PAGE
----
Mr Twin Sister‘s new album “Salt” is out on Twin Group.
When Mr Twin Sister came out in the early 2010s, they seemed destined to end up being remembered simply as one of the new five hundred dream pop bands that popped up in music blogs every week. It wasn’t necessarily a question of them being worse than their peers (I will personally defend the ‘Color Your Life’ EP with my life if I have to) but rather of them making the same sort of music that everybody else was making at the time. That didn’t last for long, though. Ever since their 2011 LP ‘In Heaven’, they’ve been making 180ºs after 180ºs. If 2014’s self-titled album saw them go big on their art pop and funk roots (the criminally underrated “In The House of Yes” still stands as one of the songs of the decade), their new album ‘Salt’ keeps working towards expansion as they incorporate R&B and jazzy influences to their already loungey sound.
That they decided to open an oddball album that makes its way through a wide variety of genres with a song called “Keep On Mixing” shows how smart and ambitious this band is. As far as its lyrics go, the song itself is hardly radical at this point. In fact, most of its lyrics read as they came straight off some late 60s Woodstock ballad: “I know how numb some types of life can make you feel / The hatred thanks to fear is real / So just keep on mixing, mix all people / Soon enough and we’ll all belong.” What makes it all click is how the lyrics work alongside the music, which starts as a sparse electronic track that relies heavily on Andrea Estella’s voice only to be soon so amped up that by its last bars the whole thing sounds like a modern reincarnation of the Talking Heads. Starting off the album in style, “Keep On Mixing” is the strongest statement in an album that effectively works as a passionate defence of cultural and musical melting pots.
If anything, “Keep On Mixing” is a warning sign that ‘Salt’ is going to do everything but keeping still. By the next track, it has already moved on and gone jazz with the superb “Alien FM”, which is only one classic bassline away from becoming one of the best songs of the year. And then follows “Koh-I-Noor”, an ambient-meets-R&B five-minute lullaby with Estella’s autotuned-to-death voice being equally haunting and touching. It is precisely Estella’s voice that is one of the biggest keys to the sea change Mr Twin Sister has experienced in the last years. Gone is the starry-eyed tweeness of songs like “Lady Daydream”, here replaced by a much more experimental and lively approach to singing. In the bouncy “Tops and Bottoms”, she goes through a myriad of different registers, effectively putting on a different voice for each line. It’s as impressive as it is fun, and it all makes for one of the best songs on the album.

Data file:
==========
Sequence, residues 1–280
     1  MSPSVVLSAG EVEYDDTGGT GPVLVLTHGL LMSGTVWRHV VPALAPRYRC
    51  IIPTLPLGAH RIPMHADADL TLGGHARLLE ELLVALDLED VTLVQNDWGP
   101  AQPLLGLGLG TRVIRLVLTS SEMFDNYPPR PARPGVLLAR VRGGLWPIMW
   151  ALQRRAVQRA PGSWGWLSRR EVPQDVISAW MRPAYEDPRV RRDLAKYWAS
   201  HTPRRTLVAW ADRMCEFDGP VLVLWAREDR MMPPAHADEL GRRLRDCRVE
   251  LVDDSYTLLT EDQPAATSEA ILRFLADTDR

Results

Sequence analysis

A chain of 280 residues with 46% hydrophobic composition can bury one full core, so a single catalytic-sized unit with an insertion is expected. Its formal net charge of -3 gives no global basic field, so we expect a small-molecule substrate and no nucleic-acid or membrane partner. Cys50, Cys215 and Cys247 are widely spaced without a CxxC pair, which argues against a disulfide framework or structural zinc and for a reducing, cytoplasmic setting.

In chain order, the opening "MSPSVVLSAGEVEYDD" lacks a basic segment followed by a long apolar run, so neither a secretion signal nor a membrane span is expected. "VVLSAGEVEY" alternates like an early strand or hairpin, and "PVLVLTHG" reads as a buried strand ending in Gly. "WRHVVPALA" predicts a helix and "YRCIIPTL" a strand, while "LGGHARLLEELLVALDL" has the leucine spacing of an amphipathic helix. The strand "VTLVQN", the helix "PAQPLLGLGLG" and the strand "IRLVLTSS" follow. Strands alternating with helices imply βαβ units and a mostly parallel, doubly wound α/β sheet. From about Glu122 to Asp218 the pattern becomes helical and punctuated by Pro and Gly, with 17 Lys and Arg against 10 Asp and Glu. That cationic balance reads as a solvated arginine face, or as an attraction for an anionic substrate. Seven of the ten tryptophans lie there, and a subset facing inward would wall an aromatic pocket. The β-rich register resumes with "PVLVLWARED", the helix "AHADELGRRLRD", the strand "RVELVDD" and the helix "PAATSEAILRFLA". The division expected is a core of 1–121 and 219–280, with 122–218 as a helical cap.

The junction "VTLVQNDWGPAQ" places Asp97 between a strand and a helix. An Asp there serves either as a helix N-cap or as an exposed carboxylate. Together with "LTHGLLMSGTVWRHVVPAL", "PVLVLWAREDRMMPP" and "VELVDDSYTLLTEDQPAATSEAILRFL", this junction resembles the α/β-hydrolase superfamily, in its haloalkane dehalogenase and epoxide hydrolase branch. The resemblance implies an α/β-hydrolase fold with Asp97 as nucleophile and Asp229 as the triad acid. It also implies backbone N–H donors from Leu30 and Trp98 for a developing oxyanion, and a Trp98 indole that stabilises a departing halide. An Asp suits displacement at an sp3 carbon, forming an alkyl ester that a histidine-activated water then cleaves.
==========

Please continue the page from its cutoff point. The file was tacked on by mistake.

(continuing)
Even the tracks that aren’t that good in the first place (see “Deseo”, an uncanny and fluid Arca impression sung in an annoyingly broken Spanish that stops it from reaching its full potential) are completely redeemed by what they bring in to the final product. ‘Salt’ functions as an experiment containing multiple experiments; some of them are obviously more successful than others, but they all represent important contributions to an album that openly asks to be judged by its eclecticness.
Though they try their best to play as left field as they can, it’s not hard to tell that Mr Twin Sister are a pop band at its core. Even when they’re suffocated by layers and layers of jazzy instrumentation, the melodies in songs like “Taste In Movies” or “Buy to Return” are so immediately recognisable that they could easily be transposed to a context more similar to that one of the band’s early years. What has changed from their last effort to ‘Salt’ is that they are making an even bigger effort to convince us all that they are not a pop band in disguise. The fact that they don’t actually manage to come off as bona fide experimentalists is less a defeat than it is a living proof of the band’s melodic sensibility.
Still, their sound has changed so much over the years that the remains of what used to be Twin Sister can only be found in their little vacuums of melody supported by horn arrangements and heavily layered electronic instrumentation. If someone was still wondering whether Mr Twin Sister had abandoned their dream pop origins for good, ‘Salt’ answers them with a loud and clear “yes”. That band simply doesn’t exist anymore. And they’ll certainly be missed, but there’s no doubt that what we’ve got instead is the better outcome. That Mr Twin Sister isn’t as big of some of their peers is an ungentle reminder of how cruel and unfair the pop world can be at times. In what might be the best and most adventurous album in their career, Mr Twin Sister mount a strong application for the role of most underrated indie pop band on Earth.